LEMON: You know, it's not just health and wealth, right? The coronavirus is exposing dangers -- dangerous disparities in policing.

Up next, CNN is going to investigate for you.

Plus, we're going to speak with the richest black man in America. That's Robert F. Smith. You see him right there on your screen. He paid off student loans of the Morehouse class of 2019. So, what are his words of wisdom now as we face a generational crisis, Van Jones? JONES: And we're also bringing you some special messages of hope like we promised you. Mario Lopez has a big shout-out for the Latino community and Common wants us to know how to stay positive in these troubling times.


MARIO LOPEZ, ACTOR AND JOURNALIST: Hey, Mario Lopez here. I just want to send a huge (INAUDIBLE) to the Latino community and a special thank you to all our essential workers in our community because you guys are on the front lines and you are pushing through and are, quite frankly, the real heroes. So, muchas gracias.

COMMON, RAPPER AND ACTIVIST: No matter where you're from and what you may be experiencing that your ability to focus on the things that are positive, to actually be active towards things that are positive, to live in a way of love and wellness and just, like, the capacity to be a human being and be present and to do the things that you were meant to do on this planet in purpose. We have that. No one can take that away.

That has nothing to do with money. It has nothing to do with race. It has nothing to do with disease. You have that within you.




LEMON: We are back now with our CNN special, the Color of COVID. I'm Don Lemon along with CNN's Van Jones.

Police departments across the country being called upon to enforce social distancing regulations.

JONES: Yes, but some of these videos of these encounters have been going viral. Raises big questions about how police are interacting with white Americans versus Americans of color.

LEMON: That part of the story of the Color of COVID from CNN's Ryan Young.


UNIDENTIFIED MALE: Back the (muted) up.

RYAN YOUNG, CNN CORRESPONDENT: It's viral videos like this that highlight some troubling interactions between minorities and police officers enforcing social distancing guidelines.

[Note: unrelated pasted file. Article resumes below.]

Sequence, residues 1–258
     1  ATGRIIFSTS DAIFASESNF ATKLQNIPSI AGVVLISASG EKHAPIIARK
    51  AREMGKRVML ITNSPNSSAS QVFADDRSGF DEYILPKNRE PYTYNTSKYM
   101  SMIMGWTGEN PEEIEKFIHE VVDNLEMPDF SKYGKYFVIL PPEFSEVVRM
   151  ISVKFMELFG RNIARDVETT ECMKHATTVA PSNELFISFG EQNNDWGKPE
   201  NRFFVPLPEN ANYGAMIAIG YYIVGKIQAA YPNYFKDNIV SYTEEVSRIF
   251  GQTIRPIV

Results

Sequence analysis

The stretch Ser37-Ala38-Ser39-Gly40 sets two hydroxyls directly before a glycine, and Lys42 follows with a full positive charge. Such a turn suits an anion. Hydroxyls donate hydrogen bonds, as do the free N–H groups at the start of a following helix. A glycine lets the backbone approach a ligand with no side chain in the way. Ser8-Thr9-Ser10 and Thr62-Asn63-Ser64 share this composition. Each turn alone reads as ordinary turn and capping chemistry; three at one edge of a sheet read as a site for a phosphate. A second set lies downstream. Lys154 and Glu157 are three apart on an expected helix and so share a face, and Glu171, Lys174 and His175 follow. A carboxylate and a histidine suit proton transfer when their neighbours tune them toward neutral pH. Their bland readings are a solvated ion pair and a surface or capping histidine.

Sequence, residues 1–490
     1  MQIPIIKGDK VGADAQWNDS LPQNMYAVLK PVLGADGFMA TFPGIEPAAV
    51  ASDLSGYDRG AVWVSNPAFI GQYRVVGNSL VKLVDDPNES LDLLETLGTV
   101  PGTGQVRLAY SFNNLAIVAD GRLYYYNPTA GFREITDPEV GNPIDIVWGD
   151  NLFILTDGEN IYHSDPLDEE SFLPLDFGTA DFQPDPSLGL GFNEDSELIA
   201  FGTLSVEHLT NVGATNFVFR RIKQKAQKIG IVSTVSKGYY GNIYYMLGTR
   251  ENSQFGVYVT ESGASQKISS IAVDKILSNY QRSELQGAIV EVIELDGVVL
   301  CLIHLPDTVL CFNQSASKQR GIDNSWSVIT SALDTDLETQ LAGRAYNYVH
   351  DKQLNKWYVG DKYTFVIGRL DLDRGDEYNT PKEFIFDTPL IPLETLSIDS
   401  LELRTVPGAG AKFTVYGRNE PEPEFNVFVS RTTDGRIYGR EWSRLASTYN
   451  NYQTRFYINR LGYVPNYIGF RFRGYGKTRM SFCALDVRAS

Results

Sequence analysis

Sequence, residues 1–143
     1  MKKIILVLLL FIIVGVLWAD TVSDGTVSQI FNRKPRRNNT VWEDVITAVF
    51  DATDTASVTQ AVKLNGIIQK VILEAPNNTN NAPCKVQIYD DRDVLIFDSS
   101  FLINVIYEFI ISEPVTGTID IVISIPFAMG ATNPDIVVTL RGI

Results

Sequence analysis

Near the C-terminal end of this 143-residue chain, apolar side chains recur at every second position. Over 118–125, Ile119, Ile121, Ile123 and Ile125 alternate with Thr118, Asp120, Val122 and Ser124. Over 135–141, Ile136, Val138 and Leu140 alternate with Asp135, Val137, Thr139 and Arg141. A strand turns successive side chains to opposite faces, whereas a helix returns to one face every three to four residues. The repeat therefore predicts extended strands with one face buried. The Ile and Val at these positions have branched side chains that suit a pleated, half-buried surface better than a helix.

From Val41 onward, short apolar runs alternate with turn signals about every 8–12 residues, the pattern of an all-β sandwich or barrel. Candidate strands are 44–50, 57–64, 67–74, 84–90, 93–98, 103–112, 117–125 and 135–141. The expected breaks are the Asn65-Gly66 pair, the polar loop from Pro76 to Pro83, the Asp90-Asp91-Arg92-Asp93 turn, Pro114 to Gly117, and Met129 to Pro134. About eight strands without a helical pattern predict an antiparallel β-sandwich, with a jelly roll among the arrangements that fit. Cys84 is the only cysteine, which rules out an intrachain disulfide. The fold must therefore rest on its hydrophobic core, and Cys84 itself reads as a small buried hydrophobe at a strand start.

In this video, NYPD officers approach several men sitting on a stoop. Police say one of the men tried to enter a police cruiser and struck an officer. As they arrest him, the situation escalates.

(BEGIN VIDEO CLIP) UNIDENTIFIED MALE: You want to go to your friend?

UNIDENTIFIED MALE: For what? What are you doing?

UNIDENTIFIED MALE: For not wearing a mask.


YOUNG: The NYPD tells CNN that the officers' use of force was in the act of gaining compliance from a subject who was resisting arrest. As parts of New York enjoyed the sun and nice weather recently, officer interactions with the public seem to vary by neighborhood. In this video you can see an NYPD officer taking an aggressive stance in New York's east village.


UNIDENTIFIED MALE: He didn't even do nothing.

UNIDENTIFIED MALE: Move the (muted) back. Move the (muted) back. What you flexing for?


YOUNG: With the stun gun in hand, he engages with 33-year-old Donny Wright.


UNIDENTIFIED MALE: Look, look, look, he didn't even do nothing.


YOUNG: This is after police say one suspect became aggressive toward officers and resisted arrest.


UNIDENTIFIED MALE: He didn't even do nothing.


YOUNG: The officer has been placed on desk duty pending an internal investigation.


KAM BUCKNER, MEMBER, ILLINOIS HOUSE OF REPRESENTATIVES: I couldn't believe that it was happening.


YOUNG: In Chicago, Illinois State Representative Kam Buckner decided to go shopping wearing a mask when he says an officer approached him.

(BEGIN VIDEO CLIP) BUCKNER: Asked me some questions and then eventually asked to see my receipt. He said, you know, people are using the COVID virus to do a lot of bad things and to get away with them. You've got a mask on, man, I can't see your face. It looks like -- it looks like you may be up to something.